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Browse the 1966 Encyclopaedia of New Zealand
Graphic: An Encyclopaedia of New Zealand 1966.


This information was published in 1966 in An Encyclopaedia of New Zealand, edited by A. H. McLintock. It has not been corrected and will not be updated.

Up-to-date information can be found elsewhere in Te Ara.




Many shipping companies have, at various times, been interested in the New Zealand service, and a full catalogue of their house flags would possibly run to several hundreds. A flag (A19) with a long continuous association with New Zealand is that which has been flown successively by the Tyser Line (1886), the Commonwealth and Dominion Line (1914), and the Port Line (1916). Richardson and Co., Napier (A20), was the first shipping company formed in New Zealand (1859), and their flag has become well known on the eastern coasts. The flag of the Northern Steamship Co. (A21) has been seen in northern waters since the company's formation in 1881. The New Zealand Shipping Co. (1873) always shows a pennant above its house flag. This dates from the days of sail when the pennant was flown to indicate that the ship was a steamer. The Union Steamship Co's flag (A22) has been in use since 1875. Mention has already been made of the Shaw Savill and Albion Co's. flag (A23). This has been displayed by Shaw Savill ships since 1858, but before this was used by ships belonging to Messrs Willis and Gann (established 1842). As this was only two years after the signing of the Treaty of Waitangi it lends a certain credibility to the belief that the company adopted the New South Wales Gazette version of the flag of the independent tribes – suitably altered by the omission of the fimbriation.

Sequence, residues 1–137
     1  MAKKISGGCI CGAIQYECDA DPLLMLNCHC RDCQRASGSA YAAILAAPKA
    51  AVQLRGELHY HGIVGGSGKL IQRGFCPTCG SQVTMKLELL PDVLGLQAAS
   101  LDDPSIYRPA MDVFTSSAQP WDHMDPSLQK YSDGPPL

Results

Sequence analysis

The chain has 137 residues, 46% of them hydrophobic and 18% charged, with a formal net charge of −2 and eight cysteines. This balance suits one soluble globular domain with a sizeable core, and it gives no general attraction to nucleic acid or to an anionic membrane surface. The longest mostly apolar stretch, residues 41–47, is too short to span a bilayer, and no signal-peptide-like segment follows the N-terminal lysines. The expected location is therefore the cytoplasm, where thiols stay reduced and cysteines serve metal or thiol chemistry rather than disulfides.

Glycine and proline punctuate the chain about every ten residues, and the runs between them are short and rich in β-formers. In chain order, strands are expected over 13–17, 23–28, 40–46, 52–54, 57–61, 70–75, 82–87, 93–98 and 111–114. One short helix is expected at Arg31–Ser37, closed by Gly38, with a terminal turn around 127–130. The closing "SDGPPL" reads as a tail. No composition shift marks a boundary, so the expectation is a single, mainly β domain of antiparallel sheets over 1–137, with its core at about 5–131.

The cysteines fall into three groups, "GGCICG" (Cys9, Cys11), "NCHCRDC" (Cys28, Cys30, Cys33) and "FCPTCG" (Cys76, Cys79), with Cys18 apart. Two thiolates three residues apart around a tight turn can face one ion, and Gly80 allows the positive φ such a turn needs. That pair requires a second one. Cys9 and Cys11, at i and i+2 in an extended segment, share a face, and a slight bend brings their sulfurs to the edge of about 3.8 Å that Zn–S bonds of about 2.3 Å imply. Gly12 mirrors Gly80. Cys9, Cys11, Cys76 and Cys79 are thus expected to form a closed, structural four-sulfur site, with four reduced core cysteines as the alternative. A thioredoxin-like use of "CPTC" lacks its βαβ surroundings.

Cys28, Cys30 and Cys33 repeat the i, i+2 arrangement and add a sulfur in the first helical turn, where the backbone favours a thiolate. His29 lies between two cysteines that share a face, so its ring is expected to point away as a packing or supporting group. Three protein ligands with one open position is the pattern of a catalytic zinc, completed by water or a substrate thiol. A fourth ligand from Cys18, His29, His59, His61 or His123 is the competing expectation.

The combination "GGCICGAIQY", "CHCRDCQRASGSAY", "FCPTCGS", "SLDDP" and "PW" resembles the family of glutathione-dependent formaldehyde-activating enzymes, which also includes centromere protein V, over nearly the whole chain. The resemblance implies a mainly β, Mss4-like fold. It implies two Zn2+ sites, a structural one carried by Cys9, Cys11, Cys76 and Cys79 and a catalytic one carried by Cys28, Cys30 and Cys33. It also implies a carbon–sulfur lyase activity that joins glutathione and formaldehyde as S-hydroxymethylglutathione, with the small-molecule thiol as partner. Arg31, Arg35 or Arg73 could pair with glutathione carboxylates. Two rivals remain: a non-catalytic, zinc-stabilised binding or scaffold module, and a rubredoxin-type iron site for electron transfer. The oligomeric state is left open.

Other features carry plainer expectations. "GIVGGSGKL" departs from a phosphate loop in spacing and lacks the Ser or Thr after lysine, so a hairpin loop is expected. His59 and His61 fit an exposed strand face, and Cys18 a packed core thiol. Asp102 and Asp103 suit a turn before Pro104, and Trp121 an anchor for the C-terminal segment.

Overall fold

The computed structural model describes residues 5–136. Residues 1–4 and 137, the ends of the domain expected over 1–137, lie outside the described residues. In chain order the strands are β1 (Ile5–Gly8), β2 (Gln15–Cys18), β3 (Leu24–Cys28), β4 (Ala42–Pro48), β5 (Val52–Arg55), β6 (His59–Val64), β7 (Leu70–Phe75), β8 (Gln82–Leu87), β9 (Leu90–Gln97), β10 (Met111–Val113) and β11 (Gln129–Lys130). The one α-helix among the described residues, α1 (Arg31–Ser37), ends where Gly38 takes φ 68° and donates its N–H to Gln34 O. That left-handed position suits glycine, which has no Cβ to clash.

The flag of the South Pacific Trading Co., formed in the 1870s under the aegis of Sir Julius Vogel, placed the initial letters of the company's name upon the red panels of Queen Makea's (of Rarotonga) personal standard. Among the many other maritime flags which have been flown in New Zealand waters are those of the Kamo Colliery Co. (North Auckland) (E2) and of the “Circular Saw” Line which operated from Auckland (E1). A version of the latter, with the saw teeth pointing in the reverse direction, is now used by Henderson and Macfarlane Ltd., of Auckland. Another interesting flag is that which used to be flown on shore stations on the Kaipara mail run to indicate to passing steamers that there was mail to be collected (E3).